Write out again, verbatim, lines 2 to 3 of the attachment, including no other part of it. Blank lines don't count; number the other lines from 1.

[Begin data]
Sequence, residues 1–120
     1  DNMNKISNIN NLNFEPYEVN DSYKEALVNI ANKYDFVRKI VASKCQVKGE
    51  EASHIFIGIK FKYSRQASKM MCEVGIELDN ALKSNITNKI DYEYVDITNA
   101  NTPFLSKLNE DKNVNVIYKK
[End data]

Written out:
     1  DNMNKISNIN NLNFEPYEVN DSYKEALVNI ANKYDFVRKI VASKCQVKGE
    51  EASHIFIGIK FKYSRQASKM MCEVGIELDN ALKSNITNKI DYEYVDITNA